'The sufficiency of proofs is for the court to determine, and the question need not be submitted to the jury. Substantial compliance with a condition in the policy relating to the production of preliminary evidence of loss must be made by the claimant before a right of action will accrue to him for losses, unless the right to insist on such preliminary condition is waived. But such conditions are liberally expounded, and held to require only the best evidence of the fact which the party possesses at the time, and the claimant is not bound to comply with the condition with technical strictness, either as to time or manner of compliance'. 14 Ruling Case Law, section 507, p. 1337. In Astrin v. Metropolitan Life Insurance Co., 341 Pa. 120, 17 A.2d 887, this court, in an opinion by Mr. Justice Linn, said: 'The term 'due proof' in the policy did not require, as a condition precedent to recovery, a showing such as would be necessary to make out a prima facie case at the trial.' See, also, Hanrahan

[ 176 Pa. Super. Page 428]

    v. John Hancock Mutual Life Insurance Co., 143 Pa. Super. 557, 18 A.2d 512.'

Judge Graff properly decided that 'the action in this case was instituted subsequent to and as a result of the notice previously given in December, 1944, and we conclude that the defendant's position is here without merit.'

The appellant further contends that there was insufficient evidence to prove permanent and total disability under the terms of the contract during the period of time involved, and that the evidence disclosed plaintiff was able to perform work and to follow an occupation for remuneration or profit.

We need not cite authority for the proposition that the evidence must be viewed in the light most favorable to the plaintiff.

The plaintiff testified that some years ago he was in several hospitals for treatment for a mental or nervous condition; that he was unable to obtain gainful employment; that when he went to do any work he would start shaking so that he could not work and would have to lie down. His doctor testified that plaintiff had various more or less serious ailments and that in his opinion plaintiff was totally and permanently disabled primarily because of 'a mental and nervous condition known as dementia praecox.'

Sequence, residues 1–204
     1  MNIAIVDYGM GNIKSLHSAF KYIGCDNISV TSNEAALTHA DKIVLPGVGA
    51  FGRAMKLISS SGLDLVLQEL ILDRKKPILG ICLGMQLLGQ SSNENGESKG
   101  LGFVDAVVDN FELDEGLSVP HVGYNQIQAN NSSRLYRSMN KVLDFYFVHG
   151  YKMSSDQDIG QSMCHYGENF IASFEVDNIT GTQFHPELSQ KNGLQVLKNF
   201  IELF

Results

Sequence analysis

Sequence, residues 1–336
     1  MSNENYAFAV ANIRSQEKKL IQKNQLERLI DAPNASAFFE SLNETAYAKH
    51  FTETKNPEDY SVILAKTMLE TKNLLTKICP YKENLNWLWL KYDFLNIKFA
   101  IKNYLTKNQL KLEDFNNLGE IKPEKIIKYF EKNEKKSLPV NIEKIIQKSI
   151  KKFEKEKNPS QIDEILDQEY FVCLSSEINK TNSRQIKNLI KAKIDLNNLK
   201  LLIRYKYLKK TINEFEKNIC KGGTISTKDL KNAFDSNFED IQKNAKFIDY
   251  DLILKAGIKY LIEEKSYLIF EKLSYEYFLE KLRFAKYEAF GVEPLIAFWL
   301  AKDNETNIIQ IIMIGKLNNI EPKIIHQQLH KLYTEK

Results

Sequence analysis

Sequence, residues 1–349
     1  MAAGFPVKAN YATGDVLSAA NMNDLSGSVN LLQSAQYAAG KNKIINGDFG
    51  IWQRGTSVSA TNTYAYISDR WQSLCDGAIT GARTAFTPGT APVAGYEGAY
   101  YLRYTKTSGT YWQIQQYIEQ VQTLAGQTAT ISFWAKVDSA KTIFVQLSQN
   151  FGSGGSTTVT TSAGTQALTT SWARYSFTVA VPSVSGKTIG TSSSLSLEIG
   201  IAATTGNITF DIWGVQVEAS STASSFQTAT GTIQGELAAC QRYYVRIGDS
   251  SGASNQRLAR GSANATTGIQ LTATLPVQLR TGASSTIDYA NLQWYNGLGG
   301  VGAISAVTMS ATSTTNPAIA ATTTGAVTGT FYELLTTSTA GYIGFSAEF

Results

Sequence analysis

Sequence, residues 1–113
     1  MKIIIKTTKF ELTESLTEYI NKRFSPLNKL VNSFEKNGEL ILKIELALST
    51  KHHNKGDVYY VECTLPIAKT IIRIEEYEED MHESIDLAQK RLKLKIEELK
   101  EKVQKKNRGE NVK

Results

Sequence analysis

The evidence established that the plaintiff entered a plea of nolle contendere to unlawfully conducting a lottery in 1951. There was also some evidence that at one time he worked for one of his family in the fruit business selling fruit. This, however, appears to have been prior to 1948.

The plaintiff is not barred from recovery because he may be able to perform some trivial or desultory acts or some light work of a limited character at irregular intervals.

[ 176 Pa. Super. Page 429]

In Cooper v. Metropolitan Life Ins. Co., 1935, 317 Pa. 405, 408, 177 A. 43, 44, it was said:

'While the words of the policy must receive reasonable construction and, literally interpreted, the words 'total disability' to engage 'in any and every occupation of employment for wage or profit' would require that an insured be a helpless invalid before he would be entitled to benefits under the policy, this cannot be what the parties intended. It is rare that any man is incapacitated from doing some work; many a blind man weaves baskets; a man with both legs and one arm off can sit in a doorway and sell lead pencils, or act as a telegraph operator; but it cannot well be argued that either is not totally disabled.'

We agree with Judge Graff who in disposing of this question said:

'What the defendant did in order to cause him to enter a plea of Nolle Contendere to the offense of conducting a lottery, is not disclosed by the evidence. It does appear that any such violation of the law only continued for a very short period of time. The occupation was illegal, and obviously the plaintiff could not continue in such. To sustain the position of the defense upon this evidence we believe to be clearly unwarranted. There can be no question but that the evidence introduced raised a question which was solely for the jury's determination * * *.'

The question was for the jury, and there was sufficient evidence to sustain the verdict.

Judgment affirmed.